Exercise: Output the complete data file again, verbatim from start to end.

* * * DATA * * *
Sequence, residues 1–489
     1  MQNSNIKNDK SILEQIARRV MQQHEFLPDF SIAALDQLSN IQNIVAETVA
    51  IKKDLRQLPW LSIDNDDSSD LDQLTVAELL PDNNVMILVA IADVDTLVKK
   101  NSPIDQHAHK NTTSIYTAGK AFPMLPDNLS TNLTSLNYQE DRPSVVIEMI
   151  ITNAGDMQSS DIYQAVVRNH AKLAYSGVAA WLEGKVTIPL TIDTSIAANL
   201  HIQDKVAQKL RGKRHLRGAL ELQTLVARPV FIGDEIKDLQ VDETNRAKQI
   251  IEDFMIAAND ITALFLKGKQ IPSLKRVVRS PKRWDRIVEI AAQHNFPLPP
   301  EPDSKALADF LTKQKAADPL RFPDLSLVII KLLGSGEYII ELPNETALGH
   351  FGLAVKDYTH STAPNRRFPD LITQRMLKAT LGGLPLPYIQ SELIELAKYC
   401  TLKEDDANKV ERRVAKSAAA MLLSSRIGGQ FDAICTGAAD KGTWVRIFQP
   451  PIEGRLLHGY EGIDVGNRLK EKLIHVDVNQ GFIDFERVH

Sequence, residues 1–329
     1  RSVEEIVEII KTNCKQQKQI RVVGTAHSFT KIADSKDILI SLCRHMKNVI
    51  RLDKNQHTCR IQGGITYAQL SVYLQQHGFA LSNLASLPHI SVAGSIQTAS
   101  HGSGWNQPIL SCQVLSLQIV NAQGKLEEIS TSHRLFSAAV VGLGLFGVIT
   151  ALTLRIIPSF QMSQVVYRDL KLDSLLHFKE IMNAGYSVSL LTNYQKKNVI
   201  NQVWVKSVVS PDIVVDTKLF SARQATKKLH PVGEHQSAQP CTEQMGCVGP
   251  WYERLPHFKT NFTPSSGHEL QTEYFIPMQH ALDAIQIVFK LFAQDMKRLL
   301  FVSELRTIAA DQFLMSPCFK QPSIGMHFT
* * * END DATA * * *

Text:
Sequence, residues 1–489
     1  MQNSNIKNDK SILEQIARRV MQQHEFLPDF SIAALDQLSN IQNIVAETVA
    51  IKKDLRQLPW LSIDNDDSSD LDQLTVAELL PDNNVMILVA IADVDTLVKK
   101  NSPIDQHAHK NTTSIYTAGK AFPMLPDNLS TNLTSLNYQE DRPSVVIEMI
   151  ITNAGDMQSS DIYQAVVRNH AKLAYSGVAA WLEGKVTIPL TIDTSIAANL
   201  HIQDKVAQKL RGKRHLRGAL ELQTLVARPV FIGDEIKDLQ VDETNRAKQI
   251  IEDFMIAAND ITALFLKGKQ IPSLKRVVRS PKRWDRIVEI AAQHNFPLPP
   301  EPDSKALADF LTKQKAADPL RFPDLSLVII KLLGSGEYII ELPNETALGH
   351  FGLAVKDYTH STAPNRRFPD LITQRMLKAT LGGLPLPYIQ SELIELAKYC
   401  TLKEDDANKV ERRVAKSAAA MLLSSRIGGQ FDAICTGAAD KGTWVRIFQP
   451  PIEGRLLHGY EGIDVGNRLK EKLIHVDVNQ GFIDFERVH

Sequence, residues 1–329
     1  RSVEEIVEII KTNCKQQKQI RVVGTAHSFT KIADSKDILI SLCRHMKNVI
    51  RLDKNQHTCR IQGGITYAQL SVYLQQHGFA LSNLASLPHI SVAGSIQTAS
   101  HGSGWNQPIL SCQVLSLQIV NAQGKLEEIS TSHRLFSAAV VGLGLFGVIT
   151  ALTLRIIPSF QMSQVVYRDL KLDSLLHFKE IMNAGYSVSL LTNYQKKNVI
   201  NQVWVKSVVS PDIVVDTKLF SARQATKKLH PVGEHQSAQP CTEQMGCVGP
   251  WYERLPHFKT NFTPSSGHEL QTEYFIPMQH ALDAIQIVFK LFAQDMKRLL
   301  FVSELRTIAA DQFLMSPCFK QPSIGMHFT